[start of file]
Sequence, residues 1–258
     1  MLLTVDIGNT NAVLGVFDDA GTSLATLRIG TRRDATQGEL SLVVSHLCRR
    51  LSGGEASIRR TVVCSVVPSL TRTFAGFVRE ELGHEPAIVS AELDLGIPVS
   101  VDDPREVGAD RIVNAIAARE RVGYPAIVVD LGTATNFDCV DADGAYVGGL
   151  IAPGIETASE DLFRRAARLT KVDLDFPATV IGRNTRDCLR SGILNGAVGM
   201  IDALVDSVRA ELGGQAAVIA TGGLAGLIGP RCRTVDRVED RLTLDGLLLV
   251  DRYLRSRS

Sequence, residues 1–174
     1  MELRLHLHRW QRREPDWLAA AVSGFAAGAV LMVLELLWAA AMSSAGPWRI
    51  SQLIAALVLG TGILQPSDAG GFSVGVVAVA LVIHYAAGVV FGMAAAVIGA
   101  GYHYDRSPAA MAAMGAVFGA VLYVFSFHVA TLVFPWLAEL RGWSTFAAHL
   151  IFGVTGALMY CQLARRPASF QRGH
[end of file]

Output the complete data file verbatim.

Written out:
Sequence, residues 1–258
     1  MLLTVDIGNT NAVLGVFDDA GTSLATLRIG TRRDATQGEL SLVVSHLCRR
    51  LSGGEASIRR TVVCSVVPSL TRTFAGFVRE ELGHEPAIVS AELDLGIPVS
   101  VDDPREVGAD RIVNAIAARE RVGYPAIVVD LGTATNFDCV DADGAYVGGL
   151  IAPGIETASE DLFRRAARLT KVDLDFPATV IGRNTRDCLR SGILNGAVGM
   201  IDALVDSVRA ELGGQAAVIA TGGLAGLIGP RCRTVDRVED RLTLDGLLLV
   251  DRYLRSRS

Sequence, residues 1–174
     1  MELRLHLHRW QRREPDWLAA AVSGFAAGAV LMVLELLWAA AMSSAGPWRI
    51  SQLIAALVLG TGILQPSDAG GFSVGVVAVA LVIHYAAGVV FGMAAAVIGA
   101  GYHYDRSPAA MAAMGAVFGA VLYVFSFHVA TLVFPWLAEL RGWSTFAAHL
   151  IFGVTGALMY CQLARRPASF QRGH